A bloc of East African countries is sending envoys to South Sudan to monitor a shaky cease-fire between rebels and government forces.
The bloc known as IGAD has directed special envoys to set up a monitoring presence in South Sudan within 48 hours.
Seyoum Mefin, the lead mediator in South Sudan peace talks, announced the decision Friday as IGAD ministers met on the sidelines of the African Union summit in Ethiopia.
The monitors are the vanguard of a larger team that will monitor the cease-fire, brokered by IGAD last week.
According to Reuters, a British envoy at Friday's talks said the monitors will focus on four flashpoint towns that have been the scene of heavy fighting -- Bor, Bentui, Malakal and South Sudan's capital, Juba.
An African Union official said Friday the organization has no plans to request military or political assistance from the United States or other western countries to help resolve South Sudan's crisis.
In a VOA interview, AU Deputy Chairman Erastus Mwencha said AU-member countries have taken all necessary measures to help resolve the crisis.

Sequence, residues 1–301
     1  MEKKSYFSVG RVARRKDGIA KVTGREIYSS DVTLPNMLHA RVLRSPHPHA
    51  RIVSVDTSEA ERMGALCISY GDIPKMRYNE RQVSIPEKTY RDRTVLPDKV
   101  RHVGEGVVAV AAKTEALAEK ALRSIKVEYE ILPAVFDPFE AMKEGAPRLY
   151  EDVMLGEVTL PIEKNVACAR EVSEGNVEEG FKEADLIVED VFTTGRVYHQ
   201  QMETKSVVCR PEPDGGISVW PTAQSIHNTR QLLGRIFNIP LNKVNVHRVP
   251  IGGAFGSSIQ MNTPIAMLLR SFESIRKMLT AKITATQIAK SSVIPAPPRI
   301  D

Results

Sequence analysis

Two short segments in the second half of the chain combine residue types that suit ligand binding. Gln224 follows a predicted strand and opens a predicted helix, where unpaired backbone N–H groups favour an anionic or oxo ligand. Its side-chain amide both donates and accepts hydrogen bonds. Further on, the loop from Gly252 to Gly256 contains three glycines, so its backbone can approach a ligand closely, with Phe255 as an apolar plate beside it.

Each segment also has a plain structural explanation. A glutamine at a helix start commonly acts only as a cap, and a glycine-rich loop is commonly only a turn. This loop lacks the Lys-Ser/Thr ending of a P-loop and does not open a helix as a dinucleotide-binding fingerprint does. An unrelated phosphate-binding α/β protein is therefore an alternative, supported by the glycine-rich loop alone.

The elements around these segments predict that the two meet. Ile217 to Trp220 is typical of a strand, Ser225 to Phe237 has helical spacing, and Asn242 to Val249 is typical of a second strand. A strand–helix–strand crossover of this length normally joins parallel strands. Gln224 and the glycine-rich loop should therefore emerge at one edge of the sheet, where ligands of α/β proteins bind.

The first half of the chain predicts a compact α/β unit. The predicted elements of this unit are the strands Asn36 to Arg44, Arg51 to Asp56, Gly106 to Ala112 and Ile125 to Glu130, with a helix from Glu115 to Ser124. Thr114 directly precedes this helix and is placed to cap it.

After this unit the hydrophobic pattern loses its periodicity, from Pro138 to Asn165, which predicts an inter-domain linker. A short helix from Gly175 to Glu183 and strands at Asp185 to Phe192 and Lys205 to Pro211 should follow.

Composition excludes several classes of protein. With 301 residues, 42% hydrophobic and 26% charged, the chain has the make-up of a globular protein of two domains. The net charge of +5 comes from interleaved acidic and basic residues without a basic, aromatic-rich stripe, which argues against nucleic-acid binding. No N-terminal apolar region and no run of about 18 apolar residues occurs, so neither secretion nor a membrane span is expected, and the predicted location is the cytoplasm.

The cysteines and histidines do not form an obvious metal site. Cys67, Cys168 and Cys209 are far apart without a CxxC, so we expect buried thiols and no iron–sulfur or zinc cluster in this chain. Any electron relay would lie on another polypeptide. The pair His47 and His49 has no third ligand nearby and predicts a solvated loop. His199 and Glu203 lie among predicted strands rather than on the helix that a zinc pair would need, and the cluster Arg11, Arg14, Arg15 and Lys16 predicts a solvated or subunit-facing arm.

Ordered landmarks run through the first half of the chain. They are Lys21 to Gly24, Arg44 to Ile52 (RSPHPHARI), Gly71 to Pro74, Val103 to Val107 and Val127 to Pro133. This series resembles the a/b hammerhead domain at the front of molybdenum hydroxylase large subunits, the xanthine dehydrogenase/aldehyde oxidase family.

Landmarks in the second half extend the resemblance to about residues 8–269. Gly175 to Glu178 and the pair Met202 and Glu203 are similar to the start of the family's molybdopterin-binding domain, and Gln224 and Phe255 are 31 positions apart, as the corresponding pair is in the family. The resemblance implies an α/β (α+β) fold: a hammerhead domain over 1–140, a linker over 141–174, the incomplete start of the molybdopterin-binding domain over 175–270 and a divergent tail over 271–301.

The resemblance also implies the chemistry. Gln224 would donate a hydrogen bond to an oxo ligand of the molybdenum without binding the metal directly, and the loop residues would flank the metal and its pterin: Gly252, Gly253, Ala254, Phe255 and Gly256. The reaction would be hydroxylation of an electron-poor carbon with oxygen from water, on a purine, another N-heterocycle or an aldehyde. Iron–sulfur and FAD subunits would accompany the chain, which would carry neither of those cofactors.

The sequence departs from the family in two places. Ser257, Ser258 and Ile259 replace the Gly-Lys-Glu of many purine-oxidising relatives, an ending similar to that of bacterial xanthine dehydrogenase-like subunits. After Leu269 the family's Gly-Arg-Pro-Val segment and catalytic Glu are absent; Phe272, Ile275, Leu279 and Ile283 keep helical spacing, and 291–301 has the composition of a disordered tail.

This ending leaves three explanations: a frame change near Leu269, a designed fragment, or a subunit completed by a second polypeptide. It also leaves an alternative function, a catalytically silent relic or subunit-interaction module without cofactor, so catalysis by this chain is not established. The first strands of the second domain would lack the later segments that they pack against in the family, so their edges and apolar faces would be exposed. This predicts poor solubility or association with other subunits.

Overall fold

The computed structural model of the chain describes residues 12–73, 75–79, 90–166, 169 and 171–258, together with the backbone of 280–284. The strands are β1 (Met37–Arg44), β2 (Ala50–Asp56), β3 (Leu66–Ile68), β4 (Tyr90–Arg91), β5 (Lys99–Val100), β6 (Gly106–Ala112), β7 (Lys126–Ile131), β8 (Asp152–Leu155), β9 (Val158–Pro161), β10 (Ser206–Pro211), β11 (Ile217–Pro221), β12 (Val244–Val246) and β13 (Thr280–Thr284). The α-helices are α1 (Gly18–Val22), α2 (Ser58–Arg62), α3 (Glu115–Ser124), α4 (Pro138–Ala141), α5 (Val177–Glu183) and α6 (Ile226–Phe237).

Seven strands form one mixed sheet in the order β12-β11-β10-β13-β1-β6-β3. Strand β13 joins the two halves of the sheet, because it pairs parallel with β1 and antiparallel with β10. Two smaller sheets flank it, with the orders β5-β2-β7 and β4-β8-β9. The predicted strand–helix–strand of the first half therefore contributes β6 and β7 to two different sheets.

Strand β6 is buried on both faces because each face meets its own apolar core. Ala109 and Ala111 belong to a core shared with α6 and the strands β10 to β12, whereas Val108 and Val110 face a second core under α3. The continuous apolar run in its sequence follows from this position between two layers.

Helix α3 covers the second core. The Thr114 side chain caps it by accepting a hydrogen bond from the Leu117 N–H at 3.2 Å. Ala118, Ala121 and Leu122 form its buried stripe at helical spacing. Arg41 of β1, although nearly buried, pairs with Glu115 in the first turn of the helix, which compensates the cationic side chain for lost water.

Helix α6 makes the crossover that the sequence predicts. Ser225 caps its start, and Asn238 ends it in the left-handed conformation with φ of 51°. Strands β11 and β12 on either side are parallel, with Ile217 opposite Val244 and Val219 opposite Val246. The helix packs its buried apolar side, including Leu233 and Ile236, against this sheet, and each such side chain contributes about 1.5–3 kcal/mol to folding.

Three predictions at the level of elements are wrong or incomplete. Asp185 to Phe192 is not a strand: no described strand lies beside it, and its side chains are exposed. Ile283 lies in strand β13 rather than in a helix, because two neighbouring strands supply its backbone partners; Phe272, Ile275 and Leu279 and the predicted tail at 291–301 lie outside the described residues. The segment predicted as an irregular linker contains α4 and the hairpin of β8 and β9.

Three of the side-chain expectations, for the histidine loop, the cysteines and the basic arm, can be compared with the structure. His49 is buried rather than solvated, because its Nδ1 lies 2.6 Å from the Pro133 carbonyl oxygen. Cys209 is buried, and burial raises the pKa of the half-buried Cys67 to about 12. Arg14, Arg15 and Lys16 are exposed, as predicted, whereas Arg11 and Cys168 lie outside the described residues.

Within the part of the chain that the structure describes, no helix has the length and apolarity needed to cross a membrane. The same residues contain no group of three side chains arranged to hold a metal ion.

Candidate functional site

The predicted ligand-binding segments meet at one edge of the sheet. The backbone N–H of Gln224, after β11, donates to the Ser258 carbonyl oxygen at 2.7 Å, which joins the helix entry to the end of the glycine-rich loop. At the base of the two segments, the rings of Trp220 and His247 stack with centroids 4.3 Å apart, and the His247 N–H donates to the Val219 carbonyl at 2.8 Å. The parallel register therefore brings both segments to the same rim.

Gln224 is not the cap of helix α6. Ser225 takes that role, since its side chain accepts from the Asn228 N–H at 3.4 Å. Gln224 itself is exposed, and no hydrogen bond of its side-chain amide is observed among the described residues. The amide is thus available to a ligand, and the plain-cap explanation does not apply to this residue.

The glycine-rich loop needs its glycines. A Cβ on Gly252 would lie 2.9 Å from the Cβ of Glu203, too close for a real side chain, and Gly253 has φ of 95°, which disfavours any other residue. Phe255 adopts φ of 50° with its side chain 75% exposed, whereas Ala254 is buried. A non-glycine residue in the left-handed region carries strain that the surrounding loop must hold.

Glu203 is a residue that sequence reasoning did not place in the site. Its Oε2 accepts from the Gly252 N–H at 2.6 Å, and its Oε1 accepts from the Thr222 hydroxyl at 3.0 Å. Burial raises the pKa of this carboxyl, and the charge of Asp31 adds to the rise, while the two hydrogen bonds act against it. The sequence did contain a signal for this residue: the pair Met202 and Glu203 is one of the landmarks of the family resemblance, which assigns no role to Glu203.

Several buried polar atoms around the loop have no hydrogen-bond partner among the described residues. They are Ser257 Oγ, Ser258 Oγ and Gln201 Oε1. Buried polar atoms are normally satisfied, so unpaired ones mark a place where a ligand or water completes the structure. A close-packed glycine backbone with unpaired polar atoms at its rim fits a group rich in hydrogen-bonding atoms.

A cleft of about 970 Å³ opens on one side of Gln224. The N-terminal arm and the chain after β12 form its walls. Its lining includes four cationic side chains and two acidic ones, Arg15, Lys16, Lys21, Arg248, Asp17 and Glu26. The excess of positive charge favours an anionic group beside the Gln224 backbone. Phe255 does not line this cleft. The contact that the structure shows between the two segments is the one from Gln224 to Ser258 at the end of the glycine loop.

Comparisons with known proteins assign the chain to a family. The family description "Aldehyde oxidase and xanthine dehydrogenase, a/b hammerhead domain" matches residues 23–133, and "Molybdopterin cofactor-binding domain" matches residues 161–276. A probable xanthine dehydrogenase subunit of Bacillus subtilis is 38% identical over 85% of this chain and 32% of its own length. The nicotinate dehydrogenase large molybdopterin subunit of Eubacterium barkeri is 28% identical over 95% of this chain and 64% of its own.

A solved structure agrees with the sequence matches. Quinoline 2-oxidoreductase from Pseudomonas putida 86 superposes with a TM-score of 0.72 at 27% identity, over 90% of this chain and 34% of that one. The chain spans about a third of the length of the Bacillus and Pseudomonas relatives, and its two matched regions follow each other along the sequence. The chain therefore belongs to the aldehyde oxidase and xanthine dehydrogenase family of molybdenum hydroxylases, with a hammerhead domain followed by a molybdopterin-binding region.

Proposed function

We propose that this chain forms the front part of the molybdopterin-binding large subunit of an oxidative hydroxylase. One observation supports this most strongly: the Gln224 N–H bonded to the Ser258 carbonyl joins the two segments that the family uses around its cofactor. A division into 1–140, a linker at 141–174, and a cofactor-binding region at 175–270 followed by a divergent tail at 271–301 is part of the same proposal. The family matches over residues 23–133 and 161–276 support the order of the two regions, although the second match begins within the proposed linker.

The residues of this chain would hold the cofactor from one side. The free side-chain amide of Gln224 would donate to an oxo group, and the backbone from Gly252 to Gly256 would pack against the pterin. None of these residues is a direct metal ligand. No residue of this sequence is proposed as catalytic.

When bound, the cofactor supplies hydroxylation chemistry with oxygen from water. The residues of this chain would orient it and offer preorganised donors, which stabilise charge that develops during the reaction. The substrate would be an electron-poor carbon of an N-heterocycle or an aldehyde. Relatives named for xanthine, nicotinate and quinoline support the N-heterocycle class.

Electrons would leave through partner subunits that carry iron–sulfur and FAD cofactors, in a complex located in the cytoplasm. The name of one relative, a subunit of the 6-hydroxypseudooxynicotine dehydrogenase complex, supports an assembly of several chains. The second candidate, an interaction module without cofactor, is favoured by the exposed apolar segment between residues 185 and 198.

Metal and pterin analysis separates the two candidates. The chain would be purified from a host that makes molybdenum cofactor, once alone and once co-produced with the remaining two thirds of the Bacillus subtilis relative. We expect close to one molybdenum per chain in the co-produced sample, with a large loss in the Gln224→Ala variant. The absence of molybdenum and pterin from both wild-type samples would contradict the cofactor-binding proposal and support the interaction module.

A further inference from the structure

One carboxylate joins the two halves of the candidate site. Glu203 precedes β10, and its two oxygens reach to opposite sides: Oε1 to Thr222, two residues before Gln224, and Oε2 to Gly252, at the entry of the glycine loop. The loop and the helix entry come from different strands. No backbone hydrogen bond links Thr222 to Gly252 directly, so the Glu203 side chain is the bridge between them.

In another development Friday, Doctors Without Borders said rising insecurity had forced its staff members and patients to flee from Leer Hospital, the only fully functional medical facility in Unity State.
The international relief group says more than 200 hospital workers, including 30 members of its staff team, had fled into the bush, taking the most critically ill patients with them.
Representatives for South Sudan President Salva Kiir and anti-government forces agreed to the cease-fire on January 23. But since then, the fragile agreement has been tested, as each side accused the other of violations.
South Sudan erupted in unrest last month after President Kiir accused his former vice president, Riek Machar, of attempting a coup -- a charge Machar has denied.
The ensuing violence is believed to have left thousands of people dead. More than a half million people have been displaced.